Newspaper Archive of
The Perkins Journal
Perkins, Oklahoma
December 6, 2012     The Perkins Journal
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December 6, 2012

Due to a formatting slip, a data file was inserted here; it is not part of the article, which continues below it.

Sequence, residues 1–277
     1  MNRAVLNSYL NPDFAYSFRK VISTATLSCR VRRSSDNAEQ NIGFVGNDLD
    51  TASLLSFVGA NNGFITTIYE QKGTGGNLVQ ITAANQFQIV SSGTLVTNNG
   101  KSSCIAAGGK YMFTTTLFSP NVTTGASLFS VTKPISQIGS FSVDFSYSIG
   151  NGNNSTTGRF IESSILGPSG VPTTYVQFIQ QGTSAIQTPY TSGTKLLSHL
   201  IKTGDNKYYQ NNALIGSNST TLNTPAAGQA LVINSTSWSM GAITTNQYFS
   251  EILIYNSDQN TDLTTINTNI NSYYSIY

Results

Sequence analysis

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History THE PERKINS JOURNAL, Thursday, December 6, 2012. A5 Moments in time On Dec. 13, 1621, under the care of Robert Cushman, the first American furs to be exported from the continent leave for England aboard the Fortune. During the crossing, the Fortune was captured by the French, and its valuable cargo of furs was taken. Cushman was detained on the Ile d'Dieu before being returned to England. out into a freezing sleet to survey business affairs on his estate. He returned home late for a dinner engage- ment and refused to take the time to change out of his wet clothes. The next day, Washington developed a severe respiratory infection and died the following day. His last words were "'Tis well." On Dec. 14, 1799, George OnDec. 16, 1811, the great- Washington, the first U.S. est series of earthquakes in president, dies at age 67. U.S. history begins in the Two days earlier, he rode Mississippi River Valley TOOLS OF THE TERRITORY Wrenches As meehamea! devices  fixtures proliferated during the Territorial era, there was a corresponding need for wrenches to install, adjust and repair them. Inventors responded to this need with a wide variety of wrench designs. The reader can probably recognize those designs which ultimately proved successful. Engineers' Wrenches: Adjustable Wrenches: Pipe Wrenches: Alligator Wrenches: Combination Wrenches: Implement Wrenches: The Farm Museum at the Oklahoma Territorial Plaza is well supplied with engineers' wrenches, but could use examples of the other wrenches illustrated above. If you can help in this matter or if you need further information, please call Bob or Norma Constien at 405 547-5057. near New Madrid, Mo., when a quake of an esti- mated 8.6 magnitude slams the region. The earthquake raised and lowered parts of the Mississippi Valley by as much as 15 feet and changed the course of the Mississippi River. On Dec. 10, 1915, the one-milli0nth Ford car rolls off the assembly line at the River Rouge plant in Detroit. Between 1908 and 1927, Ford sold more than 15 million Model Ts in all; they initiallycost $850 (about $20,000 in today's dollars). On Dec. 11, 1946, the United Nations votes to establish the United Nations International Children's Emergency Fund (UNICEF) to provide relief and support to children. Only two coun- tries have failed to ratify the treaty -- Somalia and the United States. On Dec. 15, 1973, Sandy Hawley becomes the first jockey to win 500 races in a single year. Hawley achieved his historic win aboard Charlie Jr., in the third race at Maryland's Laurel Park race track. On Dec. 12, 1989, hotel magnate Leona Helmsley receives a four-year prison sentence, 750 hours of com- munity service and a $7.1 million tax fraud fine in New York. Helmsley became the object of loathing and disgust when she quipped that "only the little people pay taxes." (c) 2012 King Features Synd., Inc. CLINIC Dentures - ParLlals - Relines - Repairs 321 N. Main in Perkins Call (405) 612-7304 for appointment Chocolate can be toxic f3r your pets By Trisha Gedon Most everyone enjoys a sweet treat of chocolate every now and then. Even pets like to have a treat, too. However, chocolate should be avoided as a pet treat because it can be toxic to animals. With the holiday season in full swing, pet owners may have more chocolate in the house for baking Christmas cookies and candies. Pet owners need to be aware of the danger chocolate can pose for their furry friends, said Dr. Carolynn MacA1- lister, Oklahoma State University Cooperative Extension veterinarian. "Pets enjoy sweet treats just like their owners do, but it's important to give them a treat intended for dogs instead," MacAllis- ter said. "If you want to treat your pet, give them their own treat they'll enjoy just as much as you enjoy your choco- late. Chocolate contains theobromine, which is a toxic compound for animals. Animals are much more sensitive to this compound than humans." Milk chocolate contains about 44 milligrams per ounce and dark choco- late, such as dark baking chocolate, contains 450 milligrams per ounce. For a medium-sized dog of 25 pounds, it may take up to 20 ounces of milk chocolate to cause the animal problems, but it takes just a couple of ounces of dark choco- late to put the animal in jeopardy. Chocolate toxicity in pets is dose dependent. The smaller the pet, the smaller the dose of chocolate they can consume before it is a lethal dose. The larger the pet, the more chocolate it would take to constitute a lethal amount. Some clinical signs pet owners should be aware of in the event their pet manages to consume a large amount of choco- late include vomiting and diarrhea. "If you suspect your dog has consumed chocolate you should contact your veterinar- ian," MacAllister said. "If seen early, your vet- erinarian can give your pet medication to hope- fully decrease absorption of the chocolate and to minimize effects of chocolate." Pet owners who live quite a distance from their veterinarian may want to call the ASPCA Poison Control Hotline at 1-888-426-4435. The ASPCA's Poison Con- trol Hotline can give pet owners information on whether an item is toxic, symptoms of toxicity in pets, how to treat the pet at home and more. "Pets can easily con- sume enough chocolate ,1 to kill them, which creates an emergency, situation," she said. "If your pet has consumed chocolate or any toxic substance, if possible note the amount and type ingested and contact your veterinarian imme- ' q diately. The quicker your , pet is treated, the better chance the pet has for survival." V ,' q)OOo = i Gift cards from Perkins Drug make a perfect gift for anyone on your list. t Especially those hard to buy for someones. (PERKINS DRUG r I 4 r '"